Socially Confused: Where am I?

by Sarah Luna

One of the most interesting aspects of my adjustment to life at Cornell is determining where I fit in socially. As one of only a few graduate students admitted straight from college, I’m about 5 years younger than most of my colleagues. This is wonderful, and I love getting the benefit of their experience. During my “work” week, I interact with them professionally and feel quite grown up.

Then we get to my interactions with the undergraduates. Thanks to ballroom, I am good friends with freshmen and sophomores. While I’m dancing, I feel light-hearted and encouraged, and I remember Lechner and all the fun, awkward, nerdy things that happened in that dorm. Switching back to professionalism, I am now a TA for a group of juniors and seniors. These kids are older than my ballroom friends, but I interact with them as a mentor and not as a friend.

It’s like that experiment when you put one hand it hot water and one hand in cold water and then put them both in a bowl of room temperature water. Even though both hands feel the same water, the water feels boiling hot to the hand that was in cold water and freezing cold to the hand that was in hot water. I’m only one person, but I feel so much older or younger when I’m playing different roles.

If this weekend is any indication, my semester is going to full of social engagements. Homemade pad thai and a live band with my nutrition ladies describes my Friday night. Despite the snow, we made it down to The Haunt, a local music bar. From 7-9, a live band rocked 80’s classics while older couples with a few drinks in their systems rocked the dance floor. We were obviously the young ones in the crowd. The tide shifted almost exactly at 9 as an invasion of skankily dressed college kids flooded the bar. We stared agape at them and at ourselves as the realization hit that we were no longer part of them either.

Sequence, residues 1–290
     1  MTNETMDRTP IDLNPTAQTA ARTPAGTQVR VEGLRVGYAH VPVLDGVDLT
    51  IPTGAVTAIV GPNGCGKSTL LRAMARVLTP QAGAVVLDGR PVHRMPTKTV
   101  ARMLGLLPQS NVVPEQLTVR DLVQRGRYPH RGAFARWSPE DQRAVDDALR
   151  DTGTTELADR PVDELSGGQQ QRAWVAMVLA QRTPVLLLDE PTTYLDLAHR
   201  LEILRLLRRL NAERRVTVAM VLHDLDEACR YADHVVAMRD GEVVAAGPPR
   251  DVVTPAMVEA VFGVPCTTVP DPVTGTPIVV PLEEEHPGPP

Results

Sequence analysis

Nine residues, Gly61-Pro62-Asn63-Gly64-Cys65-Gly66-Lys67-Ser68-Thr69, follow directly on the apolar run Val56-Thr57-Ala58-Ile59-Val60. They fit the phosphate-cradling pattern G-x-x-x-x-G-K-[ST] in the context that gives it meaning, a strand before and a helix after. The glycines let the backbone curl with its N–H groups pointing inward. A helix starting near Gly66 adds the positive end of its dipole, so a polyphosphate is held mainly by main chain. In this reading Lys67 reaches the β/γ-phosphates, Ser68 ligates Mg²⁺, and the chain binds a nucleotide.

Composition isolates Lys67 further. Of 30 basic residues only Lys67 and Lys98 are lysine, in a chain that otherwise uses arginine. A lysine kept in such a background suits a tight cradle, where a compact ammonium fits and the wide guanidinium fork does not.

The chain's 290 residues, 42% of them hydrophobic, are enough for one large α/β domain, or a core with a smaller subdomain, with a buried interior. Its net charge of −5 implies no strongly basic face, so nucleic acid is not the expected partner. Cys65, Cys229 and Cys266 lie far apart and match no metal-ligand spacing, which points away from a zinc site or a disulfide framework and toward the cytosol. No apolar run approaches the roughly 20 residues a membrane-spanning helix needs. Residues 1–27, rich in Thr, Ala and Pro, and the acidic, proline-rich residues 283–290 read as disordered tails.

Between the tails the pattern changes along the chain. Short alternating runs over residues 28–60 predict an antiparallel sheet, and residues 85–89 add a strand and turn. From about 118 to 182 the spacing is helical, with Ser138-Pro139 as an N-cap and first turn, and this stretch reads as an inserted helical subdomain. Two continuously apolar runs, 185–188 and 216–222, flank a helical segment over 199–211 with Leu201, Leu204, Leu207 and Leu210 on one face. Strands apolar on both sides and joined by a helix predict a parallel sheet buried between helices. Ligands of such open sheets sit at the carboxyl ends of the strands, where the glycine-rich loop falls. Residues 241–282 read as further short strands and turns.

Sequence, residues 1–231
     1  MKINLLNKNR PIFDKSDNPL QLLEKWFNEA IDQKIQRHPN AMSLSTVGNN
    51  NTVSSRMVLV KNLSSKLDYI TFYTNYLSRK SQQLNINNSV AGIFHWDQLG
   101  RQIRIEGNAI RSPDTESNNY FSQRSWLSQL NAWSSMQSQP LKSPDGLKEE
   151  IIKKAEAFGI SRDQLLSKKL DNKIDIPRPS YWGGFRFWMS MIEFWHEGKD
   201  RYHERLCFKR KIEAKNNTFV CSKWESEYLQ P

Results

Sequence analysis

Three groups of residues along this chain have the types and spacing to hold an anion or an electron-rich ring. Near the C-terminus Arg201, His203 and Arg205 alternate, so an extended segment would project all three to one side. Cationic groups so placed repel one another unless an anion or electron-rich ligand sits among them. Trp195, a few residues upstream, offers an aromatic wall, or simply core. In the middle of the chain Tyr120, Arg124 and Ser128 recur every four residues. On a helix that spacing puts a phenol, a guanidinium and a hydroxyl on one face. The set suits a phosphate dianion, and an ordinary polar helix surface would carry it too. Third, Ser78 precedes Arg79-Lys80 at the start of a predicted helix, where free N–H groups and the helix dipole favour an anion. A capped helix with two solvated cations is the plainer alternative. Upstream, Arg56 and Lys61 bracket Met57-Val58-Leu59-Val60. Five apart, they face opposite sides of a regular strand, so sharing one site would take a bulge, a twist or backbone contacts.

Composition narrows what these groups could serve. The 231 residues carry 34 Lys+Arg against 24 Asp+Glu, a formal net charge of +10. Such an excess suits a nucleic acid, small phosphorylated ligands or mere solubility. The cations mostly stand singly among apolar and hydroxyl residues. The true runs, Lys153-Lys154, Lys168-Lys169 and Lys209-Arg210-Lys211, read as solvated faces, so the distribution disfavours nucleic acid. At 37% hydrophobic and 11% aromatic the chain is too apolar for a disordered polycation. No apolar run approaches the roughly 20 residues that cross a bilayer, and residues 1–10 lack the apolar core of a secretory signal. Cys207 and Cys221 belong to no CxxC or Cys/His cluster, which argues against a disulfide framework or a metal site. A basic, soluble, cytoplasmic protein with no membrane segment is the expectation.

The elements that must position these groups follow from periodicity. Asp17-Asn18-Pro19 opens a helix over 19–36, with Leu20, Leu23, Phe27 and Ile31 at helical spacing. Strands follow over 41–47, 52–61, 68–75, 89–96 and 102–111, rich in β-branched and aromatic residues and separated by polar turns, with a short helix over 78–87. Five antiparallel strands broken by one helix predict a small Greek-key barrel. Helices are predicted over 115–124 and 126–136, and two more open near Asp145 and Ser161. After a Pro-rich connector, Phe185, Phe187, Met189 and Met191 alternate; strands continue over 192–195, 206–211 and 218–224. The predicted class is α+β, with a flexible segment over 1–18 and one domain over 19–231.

On Saturday, I went contra dancing with my ballroomies. I had never been contra dancing and had no prior expectation. It was three and a half hours of pure awesomeness. Seriously, it was the funnest thing ever. Here is a video of one of the dances we did. I start out in the bottom right hand corner dancing with the boy in a skirt and pigtails. I’m wearing a dark teal turtleneck and brown pants, and my hair is down. See me? Before each dance, the caller walks us through each movement slowly (so there’s no experience required), and then the band starts up. We have “partners” whom we stay with for the entire dance and “neighbors” that change during the dance. In this way, we interact with multiple people during each dance. Fast forward to 4:19. I am now under the second lampshade structure dancing with Standard Partner. At 5:15, the music takes a tango turn.

During the hours of dancing, I interacted with my undergrad ballroomies, a few grad students, and a bunch of older men. Dancing equalizes, and we were all simply partners despite our differences in age.

In summary, I have undergraduate friends. I have undergraduate students. I have graduate friends and graduate teachers. Where does the intimacy of friendship crash against the boundaries of professionalism? With whom can I appropriately feel “young” and with whom do I have to be “mature”?

I love that I have this quandary. I am blessed with relationships with people of all ages and all levels of professionalism. But where am I, and what are the implications?

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